The answer is, I think, provided by Alan O. Ebenstein:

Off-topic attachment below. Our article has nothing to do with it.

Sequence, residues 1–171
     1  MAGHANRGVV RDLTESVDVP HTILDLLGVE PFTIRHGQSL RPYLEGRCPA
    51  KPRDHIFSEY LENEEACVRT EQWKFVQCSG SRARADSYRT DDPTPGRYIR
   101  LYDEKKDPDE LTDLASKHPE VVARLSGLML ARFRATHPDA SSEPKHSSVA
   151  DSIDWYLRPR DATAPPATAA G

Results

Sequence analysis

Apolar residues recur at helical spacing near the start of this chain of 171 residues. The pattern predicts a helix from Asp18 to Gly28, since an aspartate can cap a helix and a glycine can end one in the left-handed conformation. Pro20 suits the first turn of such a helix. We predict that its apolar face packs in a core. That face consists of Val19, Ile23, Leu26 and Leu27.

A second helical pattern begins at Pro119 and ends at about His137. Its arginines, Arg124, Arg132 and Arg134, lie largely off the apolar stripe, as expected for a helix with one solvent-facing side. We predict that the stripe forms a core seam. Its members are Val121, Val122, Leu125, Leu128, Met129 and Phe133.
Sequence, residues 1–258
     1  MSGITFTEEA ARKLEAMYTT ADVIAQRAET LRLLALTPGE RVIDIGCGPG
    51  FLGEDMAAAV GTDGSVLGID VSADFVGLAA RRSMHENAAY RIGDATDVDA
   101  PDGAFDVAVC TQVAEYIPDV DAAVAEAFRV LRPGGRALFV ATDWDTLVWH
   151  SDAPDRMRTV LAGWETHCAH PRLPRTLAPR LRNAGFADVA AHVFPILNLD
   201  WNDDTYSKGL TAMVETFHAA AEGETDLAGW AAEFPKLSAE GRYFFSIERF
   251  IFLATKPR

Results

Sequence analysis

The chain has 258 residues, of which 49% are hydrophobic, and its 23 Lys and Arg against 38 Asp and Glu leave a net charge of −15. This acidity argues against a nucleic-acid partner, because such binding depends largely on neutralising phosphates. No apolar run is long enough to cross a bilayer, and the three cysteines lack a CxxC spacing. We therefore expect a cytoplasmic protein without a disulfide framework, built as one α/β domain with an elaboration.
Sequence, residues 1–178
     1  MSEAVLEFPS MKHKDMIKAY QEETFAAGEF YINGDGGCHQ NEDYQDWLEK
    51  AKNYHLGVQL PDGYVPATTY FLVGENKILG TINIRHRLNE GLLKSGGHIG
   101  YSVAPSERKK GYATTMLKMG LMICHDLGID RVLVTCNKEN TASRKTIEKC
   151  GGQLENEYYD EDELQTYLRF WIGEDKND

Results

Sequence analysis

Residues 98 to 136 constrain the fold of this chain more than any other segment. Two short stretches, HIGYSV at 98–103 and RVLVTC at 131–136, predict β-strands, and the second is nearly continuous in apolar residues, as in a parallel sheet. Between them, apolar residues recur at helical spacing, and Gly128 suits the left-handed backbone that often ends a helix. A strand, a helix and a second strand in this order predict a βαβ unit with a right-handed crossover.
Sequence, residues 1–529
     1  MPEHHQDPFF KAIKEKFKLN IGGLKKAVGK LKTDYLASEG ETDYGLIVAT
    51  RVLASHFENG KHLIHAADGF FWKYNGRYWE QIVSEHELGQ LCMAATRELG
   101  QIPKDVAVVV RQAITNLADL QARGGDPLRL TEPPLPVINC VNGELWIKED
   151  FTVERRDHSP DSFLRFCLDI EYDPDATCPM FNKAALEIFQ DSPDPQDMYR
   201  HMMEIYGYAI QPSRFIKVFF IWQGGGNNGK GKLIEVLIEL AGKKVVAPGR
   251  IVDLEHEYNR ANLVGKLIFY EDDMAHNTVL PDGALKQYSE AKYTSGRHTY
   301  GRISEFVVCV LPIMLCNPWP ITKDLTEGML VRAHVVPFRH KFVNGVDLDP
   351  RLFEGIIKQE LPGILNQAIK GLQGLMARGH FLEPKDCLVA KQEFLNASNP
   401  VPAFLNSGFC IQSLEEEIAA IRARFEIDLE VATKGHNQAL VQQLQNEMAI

“in England during the early 1930s, it was Hayek, not Mises, who was the actor, and it was Hayek’s work that become known as Austrian business cycle theory. Even later, Mises did not adopt as his own Hayek’s theory that depressions and recessions are primarily caused by real changes in the structure of production. Mises wrote in Human Action (1949) of his own ‘monetary or circulation credit theory of the trade cycle’: ‘The wavelike movement affecting the economic system, the recurrence of periods of boom which are followed by periods of depression, is the unavoidable outcome of the attempts, repeated again and again, to lower the gross market rate of interest by means of credit expansion. There is no means of avoiding the final collapse of a boom brought about by credit expansion. The alternative is only whether the crisis should come sooner as the result of a voluntary abandonment of further credit expansion, or later as a final and total catastrophe of the currency system involved.’ Mises’s main point was that excessive monetary expansion leads to inflationary collapse, not Hayek’s thesis that excessive monetary expansion misshapes the structure of production. What were paragraphs in Mises’s thought became books in Hayek’s. It could be the case that Mises’s oral teaching was slightly different from his written work, and it is possible that in his lectures he may have given more emphasis, as Hayek did, to relative price relations that are disturbed by credit manipulation as well as to changes in the general price level. If so, there would be more congruity between Mises’s and Hayek’s business cycle theories.” (Ebenstein 2005: 52–53).There is thus the possibility that in Mises’s lectures and personal conversations his version of the trade cycle theory was developing and diverging from his published work, where his version of the ABCT remained different from Hayek’s. Hayek might seem to confirm this: